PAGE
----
Alcohol like rum is another typical iced-tea add-in, but keep in mind that 1.5 ounces (about as much as in a shot glass) contains 100 calories and has no nutritional value. One or two glasses on a weekend are fine, but guzzling down pitchers of spiked iced tea isn’t going to do your waistline any favors (think, beer belly — or iced tea belly in this case).

The Cubes
Here is a genius idea: infuse flavor via your ice cubes. Add lemon juice and honey to water before freezing it into cubes, or freeze a half-and-half mixture of water and juice like orange or pomegranate. Ellie Krieger makes an amazing Lemon-Ginger Iced Tea with Berry Cubes — a perfect treat to impress guests with.

Say “No!” to Instant Mixes
An iced tea purists would faint if you tried to serve her a tea made from one of those powdered mixes. Many of my clients confess to relying on these. Don’t! All you’re doing is dumping tons of sugar (not to mention chemicals and preservatives) into water. Sure, the mixes are super easy to make, but it’s better to take those extra steps to brew your own.

[Photo: Mizz Nezz / Recipezaar]

TELL US: What’s your favorite way to serve up iced tea?

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Comments (26)

  1. Fran says:

    Just plain old good southern tea
    water in a pot about 4 cups bring to boil turn the power off under the pot (gas or electic)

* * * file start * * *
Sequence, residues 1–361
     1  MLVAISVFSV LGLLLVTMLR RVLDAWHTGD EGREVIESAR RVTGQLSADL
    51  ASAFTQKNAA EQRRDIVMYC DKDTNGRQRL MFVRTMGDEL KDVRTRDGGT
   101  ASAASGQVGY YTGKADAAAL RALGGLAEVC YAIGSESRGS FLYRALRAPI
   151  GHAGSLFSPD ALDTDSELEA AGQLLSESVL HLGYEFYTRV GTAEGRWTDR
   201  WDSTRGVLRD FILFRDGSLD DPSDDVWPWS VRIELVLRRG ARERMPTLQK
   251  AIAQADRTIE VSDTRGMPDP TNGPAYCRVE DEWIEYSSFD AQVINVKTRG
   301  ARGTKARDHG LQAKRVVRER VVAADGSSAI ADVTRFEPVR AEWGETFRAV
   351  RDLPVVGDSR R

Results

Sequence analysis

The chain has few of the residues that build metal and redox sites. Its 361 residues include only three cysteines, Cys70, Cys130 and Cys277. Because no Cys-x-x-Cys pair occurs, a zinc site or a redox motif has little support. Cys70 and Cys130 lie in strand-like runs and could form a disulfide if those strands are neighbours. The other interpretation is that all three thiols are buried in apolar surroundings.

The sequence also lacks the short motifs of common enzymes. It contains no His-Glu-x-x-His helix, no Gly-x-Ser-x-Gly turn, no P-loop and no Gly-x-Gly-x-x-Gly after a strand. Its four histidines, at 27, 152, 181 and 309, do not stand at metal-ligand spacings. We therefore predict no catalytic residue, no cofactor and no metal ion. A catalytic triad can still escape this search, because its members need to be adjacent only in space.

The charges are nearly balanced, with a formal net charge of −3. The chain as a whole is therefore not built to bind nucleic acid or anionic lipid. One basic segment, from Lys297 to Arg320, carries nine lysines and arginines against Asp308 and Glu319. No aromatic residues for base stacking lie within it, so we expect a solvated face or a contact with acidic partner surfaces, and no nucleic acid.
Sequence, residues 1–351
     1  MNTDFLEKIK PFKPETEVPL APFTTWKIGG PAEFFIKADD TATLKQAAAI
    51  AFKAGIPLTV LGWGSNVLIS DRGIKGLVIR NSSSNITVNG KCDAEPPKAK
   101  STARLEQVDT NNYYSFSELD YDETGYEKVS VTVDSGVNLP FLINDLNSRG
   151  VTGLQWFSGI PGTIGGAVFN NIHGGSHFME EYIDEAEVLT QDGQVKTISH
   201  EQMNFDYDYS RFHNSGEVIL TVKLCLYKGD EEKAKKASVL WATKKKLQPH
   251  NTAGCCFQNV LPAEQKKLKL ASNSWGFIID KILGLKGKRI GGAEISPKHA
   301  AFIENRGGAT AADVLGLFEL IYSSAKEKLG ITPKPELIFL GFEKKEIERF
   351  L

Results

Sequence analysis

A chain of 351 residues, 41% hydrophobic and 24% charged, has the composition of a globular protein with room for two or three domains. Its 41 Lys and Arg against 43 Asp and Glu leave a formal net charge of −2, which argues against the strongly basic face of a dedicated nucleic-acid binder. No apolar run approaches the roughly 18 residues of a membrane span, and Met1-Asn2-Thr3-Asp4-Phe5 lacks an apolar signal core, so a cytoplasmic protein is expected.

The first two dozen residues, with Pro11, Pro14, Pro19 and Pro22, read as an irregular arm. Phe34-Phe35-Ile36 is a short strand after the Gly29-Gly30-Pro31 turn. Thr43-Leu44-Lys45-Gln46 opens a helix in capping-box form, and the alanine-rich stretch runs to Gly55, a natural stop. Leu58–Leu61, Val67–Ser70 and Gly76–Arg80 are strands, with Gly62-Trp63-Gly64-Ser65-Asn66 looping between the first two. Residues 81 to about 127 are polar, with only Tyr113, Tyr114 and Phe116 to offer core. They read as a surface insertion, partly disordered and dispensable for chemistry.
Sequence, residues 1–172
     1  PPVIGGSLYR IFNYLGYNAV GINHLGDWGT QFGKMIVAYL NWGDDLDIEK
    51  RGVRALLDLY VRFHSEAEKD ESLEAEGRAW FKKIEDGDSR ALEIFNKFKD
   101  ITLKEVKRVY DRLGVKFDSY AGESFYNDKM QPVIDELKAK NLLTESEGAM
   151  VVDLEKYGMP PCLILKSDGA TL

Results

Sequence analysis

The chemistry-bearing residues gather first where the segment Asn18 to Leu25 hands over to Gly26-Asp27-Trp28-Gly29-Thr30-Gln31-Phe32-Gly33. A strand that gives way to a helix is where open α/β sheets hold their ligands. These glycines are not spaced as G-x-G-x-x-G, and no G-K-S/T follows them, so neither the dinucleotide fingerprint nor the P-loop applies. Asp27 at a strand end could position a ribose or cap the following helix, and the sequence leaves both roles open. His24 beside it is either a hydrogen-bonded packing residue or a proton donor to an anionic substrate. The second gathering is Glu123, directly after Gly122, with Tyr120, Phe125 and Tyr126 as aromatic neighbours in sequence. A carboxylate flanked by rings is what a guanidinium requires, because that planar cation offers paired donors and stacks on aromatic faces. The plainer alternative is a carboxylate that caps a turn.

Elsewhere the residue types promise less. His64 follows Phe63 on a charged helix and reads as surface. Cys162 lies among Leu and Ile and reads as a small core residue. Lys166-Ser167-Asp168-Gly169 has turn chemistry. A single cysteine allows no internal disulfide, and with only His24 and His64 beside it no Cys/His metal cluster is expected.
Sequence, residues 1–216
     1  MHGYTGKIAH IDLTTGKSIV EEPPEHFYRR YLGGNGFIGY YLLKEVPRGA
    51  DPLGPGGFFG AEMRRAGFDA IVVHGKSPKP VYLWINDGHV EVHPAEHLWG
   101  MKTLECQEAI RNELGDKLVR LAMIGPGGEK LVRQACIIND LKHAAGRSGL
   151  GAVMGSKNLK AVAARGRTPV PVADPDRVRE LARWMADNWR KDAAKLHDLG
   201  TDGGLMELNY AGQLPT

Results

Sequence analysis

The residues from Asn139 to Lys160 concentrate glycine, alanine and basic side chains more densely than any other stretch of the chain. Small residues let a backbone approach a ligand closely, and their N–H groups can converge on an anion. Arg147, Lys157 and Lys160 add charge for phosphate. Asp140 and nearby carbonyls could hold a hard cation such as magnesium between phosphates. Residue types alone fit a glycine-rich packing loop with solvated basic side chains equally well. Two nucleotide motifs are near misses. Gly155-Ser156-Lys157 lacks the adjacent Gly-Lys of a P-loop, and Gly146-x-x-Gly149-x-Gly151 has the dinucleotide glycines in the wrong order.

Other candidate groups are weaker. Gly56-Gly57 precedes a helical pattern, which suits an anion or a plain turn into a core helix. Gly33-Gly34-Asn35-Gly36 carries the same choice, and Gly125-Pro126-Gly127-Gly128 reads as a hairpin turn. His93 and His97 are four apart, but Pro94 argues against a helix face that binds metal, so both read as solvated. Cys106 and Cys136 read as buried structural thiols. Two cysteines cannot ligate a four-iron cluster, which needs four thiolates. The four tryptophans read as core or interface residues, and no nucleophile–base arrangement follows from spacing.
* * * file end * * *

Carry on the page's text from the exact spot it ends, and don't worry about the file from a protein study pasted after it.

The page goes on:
drop 3 family size (I use Lipton, mostly) into the pot of water and cover w/lid
    let stand to brew about 20 mins
    When the 20 mins are up
    place ice cubes in 1/2 gallon pitcher
    you can use sugar if you want BUT for us that can not have sugar
    I use 5 packets of Truvia into the 1/2 gal pitcher (my husband likes 1 packet more per glass)
    pour the brewed tea over the ice and be sure to squeeze the tea bags to get all the flavor into pitcher
    fill your glasses and have some fun today!

  2. Julie says:

    I make sun tea as soon as the outside temps break the 80 degrees range. I've found that most prebagged tea brands work. Some don't taste as well as others. I typically use green tea and add nine bags to cold tap water in a sun tea jar w/lid. I like the four hour time block of 10:00 am to 2:00 pm to brew it on a sunny day. (You can overbrew, so watch the color and adjust later batches as needed). I then bring it in, remove the bags, and add everything from fresh lemon to raw sugar to agave nectar to honey for sweetness.